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Report from the Front

Art criticism, sometimes with context, occasional politics. New shows: "events;" how to support the online edition: "works."



Alexander Stavenitz, Unemployed, 1930. Aquatint and carborundum, 15 1/2 x 10 in. Mary and Leigh Block Museum of Art, Northwestern University, 1993.14
As most of my readers know , I'm interested in politics & write about them occasionally, but mostly, I like to keep them & my esthetics in separate postings (among other reasons, because not all readers who share my esthetic orientation also share my political one). Occasionally, however, I feel the need to comment on an exhibition whose presentation of political "history" doesn't square with my own experience of the history in question (readers who don't share my political orientation are advised to skip this posting).

The show under discussion is “The Left Front: Radical Art in the ‘Red Decade,’ 1929-1040,” at NYU’s Grey Art Gallery (through April 4). I got the press release for this show, glanced at it and put it toward the tail end of my priorities, but then a friend called to my attention a rave review of it by Peter Schjeldahl in the New Yorker and I decided I had to go to it sooner rather than later. After I’d seen it, I also noticed that Holland Cotter had sandwiched a brief but flattering reference to it into his January 31 NY Times review of "Respond," the Smack Mellon show.

Both Schjeldahl and Cotter created the impression that the show at the Grey Art Gallery was all about the left in politics in America in the 1930s. That made it sound very interesting, as the left in politics in America in the 1930s embraced a vast spectrum of opinion, at least half & maybe more like two-thirds of the people actively involved in politics during that decade.

As a child and adolescent, I’d been a modest little part of that left-wing environment—not, of course, taking any active role but very much mopping up its atmosphere subjectively—as well as learning about its developments and achievements in the progressive grade schools I attended—and even in my more traditional college.

As an art historian, this show seemed of additional interest to me because I’d dealt with “socialist realism” in the 1940s as part of my dissertation, been given to understand that this left-wing movement in art really peaked in the 1930s, and was eager to see what the movement had looked like at its peak.


On the furthest left, as I’d learned over the years, were the anarchists and the Marxists. The anarchists believed that all government was bad--as opposed to the Marxists, who believed that some government would be necessary after they triumphed over the capitalists, but that this government would eventually wither away.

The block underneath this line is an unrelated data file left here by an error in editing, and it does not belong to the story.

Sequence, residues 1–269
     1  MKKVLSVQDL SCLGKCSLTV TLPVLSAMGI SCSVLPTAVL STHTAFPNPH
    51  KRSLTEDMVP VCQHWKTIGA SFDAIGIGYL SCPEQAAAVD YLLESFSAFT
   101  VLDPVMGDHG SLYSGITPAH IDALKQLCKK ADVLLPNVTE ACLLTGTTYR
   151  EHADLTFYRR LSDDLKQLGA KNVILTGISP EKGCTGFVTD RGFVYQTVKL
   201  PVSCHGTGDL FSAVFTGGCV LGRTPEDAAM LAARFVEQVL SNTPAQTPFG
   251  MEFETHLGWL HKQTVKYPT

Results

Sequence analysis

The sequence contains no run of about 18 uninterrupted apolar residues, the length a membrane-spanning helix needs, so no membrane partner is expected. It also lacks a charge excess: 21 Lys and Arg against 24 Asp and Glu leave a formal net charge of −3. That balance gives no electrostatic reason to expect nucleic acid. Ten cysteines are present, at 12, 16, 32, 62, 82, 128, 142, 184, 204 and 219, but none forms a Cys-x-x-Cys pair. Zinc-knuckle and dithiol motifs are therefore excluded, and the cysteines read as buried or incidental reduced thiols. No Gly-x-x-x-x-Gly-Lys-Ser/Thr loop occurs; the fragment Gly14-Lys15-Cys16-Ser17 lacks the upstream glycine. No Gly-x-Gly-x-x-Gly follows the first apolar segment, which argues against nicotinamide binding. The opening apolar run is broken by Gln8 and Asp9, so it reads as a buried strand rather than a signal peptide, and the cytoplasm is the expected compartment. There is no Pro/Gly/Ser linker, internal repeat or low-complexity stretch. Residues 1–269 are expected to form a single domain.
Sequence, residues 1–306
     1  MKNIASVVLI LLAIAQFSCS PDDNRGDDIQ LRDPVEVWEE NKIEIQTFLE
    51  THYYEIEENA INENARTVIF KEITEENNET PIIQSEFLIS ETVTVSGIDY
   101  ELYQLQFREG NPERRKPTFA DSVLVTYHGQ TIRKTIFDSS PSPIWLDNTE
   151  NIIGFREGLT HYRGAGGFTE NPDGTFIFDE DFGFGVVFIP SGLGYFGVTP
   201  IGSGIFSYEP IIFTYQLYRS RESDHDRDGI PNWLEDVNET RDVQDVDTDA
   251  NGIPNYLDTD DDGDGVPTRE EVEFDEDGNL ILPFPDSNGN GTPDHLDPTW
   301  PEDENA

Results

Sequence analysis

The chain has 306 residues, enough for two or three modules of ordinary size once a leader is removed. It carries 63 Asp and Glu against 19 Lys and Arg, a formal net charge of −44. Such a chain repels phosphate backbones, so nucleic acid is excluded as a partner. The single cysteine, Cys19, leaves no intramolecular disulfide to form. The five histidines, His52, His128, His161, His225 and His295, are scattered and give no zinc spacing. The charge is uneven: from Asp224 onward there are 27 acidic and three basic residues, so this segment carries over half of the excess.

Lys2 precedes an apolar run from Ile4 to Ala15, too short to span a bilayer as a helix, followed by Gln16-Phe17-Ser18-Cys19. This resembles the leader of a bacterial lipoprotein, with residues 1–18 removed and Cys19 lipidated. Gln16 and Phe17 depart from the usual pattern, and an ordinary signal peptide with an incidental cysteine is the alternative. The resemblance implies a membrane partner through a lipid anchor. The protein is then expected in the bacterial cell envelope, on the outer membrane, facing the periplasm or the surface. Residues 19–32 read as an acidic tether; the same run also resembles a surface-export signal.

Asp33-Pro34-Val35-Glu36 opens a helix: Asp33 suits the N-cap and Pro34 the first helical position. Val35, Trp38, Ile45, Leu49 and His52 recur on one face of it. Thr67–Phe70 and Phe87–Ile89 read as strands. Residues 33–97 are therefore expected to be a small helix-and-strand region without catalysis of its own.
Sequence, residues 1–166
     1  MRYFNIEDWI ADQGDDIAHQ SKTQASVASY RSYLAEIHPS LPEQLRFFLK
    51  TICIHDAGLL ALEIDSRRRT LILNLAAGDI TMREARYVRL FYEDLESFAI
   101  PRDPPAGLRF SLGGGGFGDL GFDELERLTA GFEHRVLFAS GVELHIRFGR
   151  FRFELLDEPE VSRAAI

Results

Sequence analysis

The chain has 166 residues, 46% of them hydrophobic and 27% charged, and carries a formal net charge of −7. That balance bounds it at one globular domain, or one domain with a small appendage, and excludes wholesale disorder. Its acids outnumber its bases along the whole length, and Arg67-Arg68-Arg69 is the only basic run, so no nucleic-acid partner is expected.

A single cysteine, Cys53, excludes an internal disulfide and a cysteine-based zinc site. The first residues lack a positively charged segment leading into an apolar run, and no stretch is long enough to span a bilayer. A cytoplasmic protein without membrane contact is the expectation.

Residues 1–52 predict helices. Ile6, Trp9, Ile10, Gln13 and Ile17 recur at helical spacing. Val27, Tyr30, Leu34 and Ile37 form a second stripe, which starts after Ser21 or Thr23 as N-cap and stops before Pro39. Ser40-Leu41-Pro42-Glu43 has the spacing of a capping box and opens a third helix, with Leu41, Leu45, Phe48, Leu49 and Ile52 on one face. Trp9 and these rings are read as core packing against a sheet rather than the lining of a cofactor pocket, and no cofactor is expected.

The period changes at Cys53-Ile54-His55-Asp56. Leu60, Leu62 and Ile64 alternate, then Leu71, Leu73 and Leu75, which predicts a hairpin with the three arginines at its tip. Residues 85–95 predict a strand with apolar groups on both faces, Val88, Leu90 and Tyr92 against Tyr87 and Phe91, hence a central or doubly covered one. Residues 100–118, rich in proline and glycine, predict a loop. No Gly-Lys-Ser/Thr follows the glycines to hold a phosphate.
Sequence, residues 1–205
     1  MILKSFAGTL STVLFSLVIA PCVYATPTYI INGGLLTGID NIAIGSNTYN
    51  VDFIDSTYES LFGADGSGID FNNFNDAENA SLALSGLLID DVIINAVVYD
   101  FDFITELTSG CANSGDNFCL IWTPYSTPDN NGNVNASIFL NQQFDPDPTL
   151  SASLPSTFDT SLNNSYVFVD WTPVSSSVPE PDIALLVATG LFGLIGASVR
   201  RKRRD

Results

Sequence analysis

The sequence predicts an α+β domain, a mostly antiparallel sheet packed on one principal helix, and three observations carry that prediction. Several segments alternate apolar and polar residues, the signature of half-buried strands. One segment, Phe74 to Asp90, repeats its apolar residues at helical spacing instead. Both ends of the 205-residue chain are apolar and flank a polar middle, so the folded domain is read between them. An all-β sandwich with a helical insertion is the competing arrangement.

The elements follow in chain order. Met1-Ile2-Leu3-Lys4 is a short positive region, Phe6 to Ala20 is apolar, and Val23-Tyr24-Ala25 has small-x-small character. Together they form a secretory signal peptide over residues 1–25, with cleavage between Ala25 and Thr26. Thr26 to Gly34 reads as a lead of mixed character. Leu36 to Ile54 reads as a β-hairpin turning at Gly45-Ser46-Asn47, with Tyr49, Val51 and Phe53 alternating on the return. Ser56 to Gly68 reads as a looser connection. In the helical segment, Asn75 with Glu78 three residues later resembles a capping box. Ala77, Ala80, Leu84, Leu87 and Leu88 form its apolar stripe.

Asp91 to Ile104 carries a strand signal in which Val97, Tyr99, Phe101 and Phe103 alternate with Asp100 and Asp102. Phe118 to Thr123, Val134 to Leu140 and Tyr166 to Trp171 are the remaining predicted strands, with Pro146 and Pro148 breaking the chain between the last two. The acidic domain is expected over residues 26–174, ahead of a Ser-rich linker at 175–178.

Not all Marxists were Communists, though, not at least in the sense of belonging to the Communist Party of the United States of America, which owed its allegiance to Josef Stalin and toed his party line. There were also the Trotskyists, who favored Leon Trotsky instead of Stalin, and beyond them both were the Socialists.

Many of my readers may have heard about Trotsky because his esthetic position was close to that of Partisan Review, and because Clement Greenberg considered himself a Trotskyist in his youth. I suspect, though, that they’ve heard little or nothing about the other activities of Trotskyist Marxists in the U.S. in the 1930s, but, like the Marxists of the CPUSA, they were instrumental in organizing workers into labor unions, and led them into strikes to win recognition and higher wages.

I would imagine these readers have heard even less about the American brand of socialism. Like the Marxists, socialists mostly believed that the market economy should be abolished, and the means of production should be owned by the state instead of private individuals. Such state ownership, both Marxists and socialists believed, was the only way that the profits of industry could be shared equally among all the workers.

However, the socialists believed that these reforms should be achieved by electing politicians who favored them, while the Marxists believed that this goal was so worthy that it justified any means of gaining power (this debate of "ends versus means" was to take on a whole new life among young Americans in the radical 1960s).

In the early years of the 20th century, the socialist party in America had been led by Eugene V. Debs, was genuinely a working-class party, and elected many local officials. By the later 1920s, leadership of the party had been ceded to Norman Thomas, a Presbyterian minister, and it had become much more of an upper-class, intellectual affair. Still, Thomas ran for President on a Socialist Party ticket six times, starting in 1928.